Effective team functioning requires the existence of a shared or team mental model among members of a team. However, the best method for measuring team mental models is unclear. Methods reported vary in terms of how mental model content is elicited and analyzed or represented. We review the strengths and weaknesses of various methods that have been used to elicit, represent, and analyze individual and team mental models and provide recommendations for method selection and development. We describe the nature of mental models and review techniques that have been used to elicit and represent them. We focus on a case study on selecting a method to examine team mental models in industry. The processes involved in the selection and development of an appropriate method for eliciting, representing, and analyzing team mental models are described. The criteria for method selection were (a) applicability to the problem under investigation; (b) practical considerations - suitability for collecting data from the targeted research sample; and (c) theoretical rationale - the assumption that associative networks in memory are a basis for the development of mental models. We provide an evaluation of the method matched to the research problem and make recommendations for future research. The practical applications of this research include the provision of a technique for analyzing team mental models in organizations, the development of methods and processes for eliciting a mental model from research participants in their normal work environment, and a survey of available methodologies for mental model research.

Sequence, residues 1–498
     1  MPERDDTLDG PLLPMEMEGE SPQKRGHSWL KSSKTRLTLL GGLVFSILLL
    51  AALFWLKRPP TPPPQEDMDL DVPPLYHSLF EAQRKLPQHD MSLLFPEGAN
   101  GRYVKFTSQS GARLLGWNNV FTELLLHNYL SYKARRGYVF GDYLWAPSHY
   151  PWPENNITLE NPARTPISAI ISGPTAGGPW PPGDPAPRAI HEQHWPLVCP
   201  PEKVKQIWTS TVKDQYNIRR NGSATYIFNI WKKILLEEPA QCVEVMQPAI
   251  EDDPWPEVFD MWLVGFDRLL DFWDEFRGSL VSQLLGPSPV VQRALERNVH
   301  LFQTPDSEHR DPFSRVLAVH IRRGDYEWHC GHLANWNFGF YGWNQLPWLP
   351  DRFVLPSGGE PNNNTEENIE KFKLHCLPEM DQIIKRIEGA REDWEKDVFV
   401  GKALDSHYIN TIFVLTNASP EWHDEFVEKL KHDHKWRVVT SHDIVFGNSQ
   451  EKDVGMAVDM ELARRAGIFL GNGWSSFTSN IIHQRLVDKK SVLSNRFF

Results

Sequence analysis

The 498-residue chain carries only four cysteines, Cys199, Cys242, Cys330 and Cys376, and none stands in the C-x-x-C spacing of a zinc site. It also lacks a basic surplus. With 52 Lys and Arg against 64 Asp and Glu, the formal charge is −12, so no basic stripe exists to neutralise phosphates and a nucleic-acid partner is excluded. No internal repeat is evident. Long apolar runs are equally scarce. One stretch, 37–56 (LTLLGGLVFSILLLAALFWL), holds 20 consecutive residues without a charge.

In the past decade many organizations have come to rely on teams in a variety of different decision-making and management contexts (Coates, 1996; Jacobs & James, 1994; Kozlowski, 1995; Magney, 1995; Marchington, Wilkinson, Ackers, & Goodman, 1994). Teams can take the form of autonomous work groups, labor management committees, product development teams, special purpose decision-making teams, management teams, or employee participation teams. Teams are often used as a means of increasing the level of industrial democracy - that is, to encourage "the significant involvement of workers in important workplace decisions that affect their everyday lives" (Davis & Lansbury, 1996, p. 23).
According to past research, effective team functioning requires the existence of a shared or team mental model among members of a team (Cannon-Bowers, Tannenbaum, Salas, & Volpe, 1995; Converse, Cannon-Bowers, & Salas, 1991; Duffy, 1992). In fact, some organizations purposefully seek to influence the development of a team mental model. Researchers in a variety of disciplines have sought to elicit and represent mental models. These include education (Morine-Dershimer, Saunders, Artiles, & Mostert, 1992; Winitzky, Kauchak, & Kelly, 1994), aviation (Cannon-Bowers, Salas, & Converse, 1993; Rouse,
Cannon-Bowers, & Salas, 1992), and organizational/management settings (Daniels, de Chernatony, & Johnson, 1995; Langfield-Smith & Wirth, 1992). However, the best method for elicitation and representation is unclear.
Methods reported in the literature vary in terms of how mental model content is elicited (e.g., verbal protocol analysis, repertory grid) and analyzed or represented (e.g., ordered tree and scaling techniques). Furthermore, differing notions of mental models have led to some confusion about their conceptual underpinning (Klimoski & Mohammed, 1994). This presents a problem for the researcher attempting to use valid and reliable methods. The purpose of this paper is to review the strengths and weaknesses of various methods that have been used to elicit, represent, and analyze individual and team mental models and to provide guidelines for method selection and development in mental models research.
In part 1 we describe the nature of mental models and provide a review of the techniques that have been used to elicit and represent them. …